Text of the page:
Booz Allen's Susan Penfield On What's Next in Government Innovation
In October, Booz Allen served as the Presenting Sponsor of the first-ever virtual Fast Company Innovation Festival, with firm leaders joining compelling panel discussions on innovation, cybersecurity, the space race, and the future of recreation. Join us as we recap these timely conversations in a dedicated series of posts.
Federal government programs have catalyzed breakthroughs from the internet to GPS to space exploration, and groundbreaking progress continues in our current environment—yet too often there is a misperception that big-time, game-changing innovation belongs exclusively to the private sector.
That’s not true, says Booz Allen Executive Vice President Susan Penfield, who joined Rhode Island Governor Gina Raimondo and Google co-founder Eric Schmidt at the 2020 Fast Company Innovation Festival for a thought-provoking conversation about innovation in government, including opportunities, obstacles, and what’s needed to move forward.
Building an innovation culture
“There’s amazing work being done [in government] every day,” said Penfield, citing examples from the Joint Artificial Intelligence Center at the Department of Defense, launched in only 18 months, to healthcare agencies “innovating on the fly” in areas like COVID-19 contact tracing and disease modeling.
Even so, innovation is not always easy in a process-intensive, often risk-averse government environment. How can agency leaders build and nurture an innovation culture?
Start with education and understanding, Penfield advised. For example, Booz Allen has been working with the not-for-profit Partnership for Public Service to promote technical literacy in areas like the cloud, AI, and cybersecurity and partnering with Nvidia to deliver AI training to more than 1,500 government leaders, helping government clients get the most from new technology so they can use it to create more effective missions.
“Building a knowledge base creates a new level of excitement for government leaders when they get their hands on these new technologies and tools,” said Penfield.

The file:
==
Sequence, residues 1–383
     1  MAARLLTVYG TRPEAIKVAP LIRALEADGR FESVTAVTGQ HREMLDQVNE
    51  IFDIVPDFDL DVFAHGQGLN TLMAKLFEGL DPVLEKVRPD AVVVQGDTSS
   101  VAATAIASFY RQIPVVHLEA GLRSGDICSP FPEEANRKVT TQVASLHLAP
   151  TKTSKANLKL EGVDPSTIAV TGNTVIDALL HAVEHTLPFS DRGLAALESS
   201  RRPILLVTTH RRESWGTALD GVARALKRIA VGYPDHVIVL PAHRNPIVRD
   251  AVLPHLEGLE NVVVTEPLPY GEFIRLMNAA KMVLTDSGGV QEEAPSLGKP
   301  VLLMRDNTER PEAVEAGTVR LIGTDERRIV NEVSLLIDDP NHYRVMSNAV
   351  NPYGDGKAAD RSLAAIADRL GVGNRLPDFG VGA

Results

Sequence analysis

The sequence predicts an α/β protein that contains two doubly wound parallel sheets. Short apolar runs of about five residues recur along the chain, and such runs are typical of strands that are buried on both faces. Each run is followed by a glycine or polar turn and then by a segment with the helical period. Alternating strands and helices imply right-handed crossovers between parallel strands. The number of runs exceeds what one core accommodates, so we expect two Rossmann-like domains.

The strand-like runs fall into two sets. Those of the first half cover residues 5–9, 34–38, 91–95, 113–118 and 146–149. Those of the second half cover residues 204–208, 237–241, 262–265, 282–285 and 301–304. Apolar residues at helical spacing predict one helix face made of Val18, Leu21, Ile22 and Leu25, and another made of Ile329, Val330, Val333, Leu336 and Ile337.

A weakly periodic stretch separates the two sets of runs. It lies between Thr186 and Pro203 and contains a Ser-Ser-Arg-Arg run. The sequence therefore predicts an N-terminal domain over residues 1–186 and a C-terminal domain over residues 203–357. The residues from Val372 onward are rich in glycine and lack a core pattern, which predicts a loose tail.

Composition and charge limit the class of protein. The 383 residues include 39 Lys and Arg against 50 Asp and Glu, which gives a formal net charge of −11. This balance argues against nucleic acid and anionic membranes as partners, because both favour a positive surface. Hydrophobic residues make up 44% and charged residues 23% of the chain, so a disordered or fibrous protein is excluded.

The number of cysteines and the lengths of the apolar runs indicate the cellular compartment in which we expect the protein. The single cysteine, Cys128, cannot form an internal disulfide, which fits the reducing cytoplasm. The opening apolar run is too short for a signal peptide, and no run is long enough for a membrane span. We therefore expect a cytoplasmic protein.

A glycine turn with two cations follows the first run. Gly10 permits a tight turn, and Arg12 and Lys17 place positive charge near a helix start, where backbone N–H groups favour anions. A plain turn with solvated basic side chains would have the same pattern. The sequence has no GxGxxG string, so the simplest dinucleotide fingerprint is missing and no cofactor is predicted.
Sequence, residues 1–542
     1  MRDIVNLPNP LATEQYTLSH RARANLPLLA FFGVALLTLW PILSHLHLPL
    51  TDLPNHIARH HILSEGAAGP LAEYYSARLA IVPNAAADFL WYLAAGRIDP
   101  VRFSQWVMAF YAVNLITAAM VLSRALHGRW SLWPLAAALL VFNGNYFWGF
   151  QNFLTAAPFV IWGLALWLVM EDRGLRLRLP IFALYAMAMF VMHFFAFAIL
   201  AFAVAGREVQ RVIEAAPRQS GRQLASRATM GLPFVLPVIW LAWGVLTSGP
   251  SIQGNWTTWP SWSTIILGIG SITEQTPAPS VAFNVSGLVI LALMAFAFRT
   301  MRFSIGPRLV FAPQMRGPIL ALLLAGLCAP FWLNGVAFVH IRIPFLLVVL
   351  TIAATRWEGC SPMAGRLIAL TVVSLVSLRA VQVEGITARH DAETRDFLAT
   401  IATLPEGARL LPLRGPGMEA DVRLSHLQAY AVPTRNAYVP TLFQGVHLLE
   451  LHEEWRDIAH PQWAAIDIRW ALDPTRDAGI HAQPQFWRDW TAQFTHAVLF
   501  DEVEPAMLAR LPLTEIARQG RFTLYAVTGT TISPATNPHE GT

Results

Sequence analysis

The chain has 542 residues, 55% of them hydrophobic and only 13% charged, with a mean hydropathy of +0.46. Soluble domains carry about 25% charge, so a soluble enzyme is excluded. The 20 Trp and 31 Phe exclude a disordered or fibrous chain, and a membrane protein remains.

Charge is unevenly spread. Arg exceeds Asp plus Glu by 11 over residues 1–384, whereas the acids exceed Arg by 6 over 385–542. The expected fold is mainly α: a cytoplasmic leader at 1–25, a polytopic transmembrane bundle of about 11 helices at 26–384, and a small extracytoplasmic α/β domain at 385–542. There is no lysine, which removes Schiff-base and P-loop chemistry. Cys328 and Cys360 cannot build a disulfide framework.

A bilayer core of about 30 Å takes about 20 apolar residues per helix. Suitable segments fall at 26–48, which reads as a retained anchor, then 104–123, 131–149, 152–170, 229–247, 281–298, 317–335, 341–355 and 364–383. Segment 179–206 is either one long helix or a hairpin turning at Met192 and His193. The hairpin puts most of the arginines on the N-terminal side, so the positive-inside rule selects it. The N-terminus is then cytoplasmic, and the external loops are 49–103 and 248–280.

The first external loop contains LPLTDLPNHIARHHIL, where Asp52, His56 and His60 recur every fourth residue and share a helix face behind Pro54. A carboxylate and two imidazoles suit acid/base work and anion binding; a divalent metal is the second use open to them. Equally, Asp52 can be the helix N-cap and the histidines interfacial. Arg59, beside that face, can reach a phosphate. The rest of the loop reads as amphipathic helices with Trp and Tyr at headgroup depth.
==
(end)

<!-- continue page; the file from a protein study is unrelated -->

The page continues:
Exploring new approaches to partnerships and procurement
Lengthy procurement processes mean that it can take several months or longer for government agencies to acquire new technologies—a timeframe that’s not conducive to today’s rapid development cycles or innovation in general.
Federal leaders can catch up by being creative, Penfield said. She highlighted Recreation.gov, an interagency coalition of 12 federal partners including the Forest Service, Army Corps of Engineers, and the National Park Service, as an example. Recreation.gov was relaunched in 2018 as an investment for Booz Allen—designed collaboratively with participating agencies, but at no cost to the federal government. Instead of a traditional cost structure, the unique contractual agreement is a transaction-based fee model that lets the government and Booz Allen share in risk, reward, results, and impact.
“Innovation from the private sector compelled government to innovate in the contracting space and pay us in a different way,” she said.
Penfield also cited procurement methods like Other Transaction Authority (OTA) contracts, which are designed for certain prototypes, research, and production projects. These can be useful for bringing in initial capabilities, laying the foundation for broader systems, and showing an organization what technology could bring to its challenges and mission.
“It’s been a really great tool for our clients to get innovation into their missions much more quickly,” said Penfield.
Applying a mission focus to incentives and talent
In the private sector, incentives for innovation are often quite clear: If you’re slow to move, you lose clients, revenues, and competitive advantage. So how does one incentivize innovation in the government space?
“It’s about mission effectiveness,” Penfield explained. She talked about a project she was involved with 10 years ago for the Centers for Disease Control (CDC). The goal was to streamline a complex supply chain for a children’s vaccine program. The initiative generated considerable savings but even more importantly furthered the program’s mission: safer, more effective vaccine delivery.
Booz Allen actively hires professionals with a government background to serve as “mission translators,” Penfield said. Once onboard, these employees receive training on in-demand skillsets like data science plus guidance on new ways of working.
“Our culture is very collaborative and functions like the tech sector,” she said. “We mentor everyone who comes in the door to help them understand our culture and get up to speed fairly quickly. It’s all part of the firm’s goal to ensure the right talent at the right time to serve our government clients.”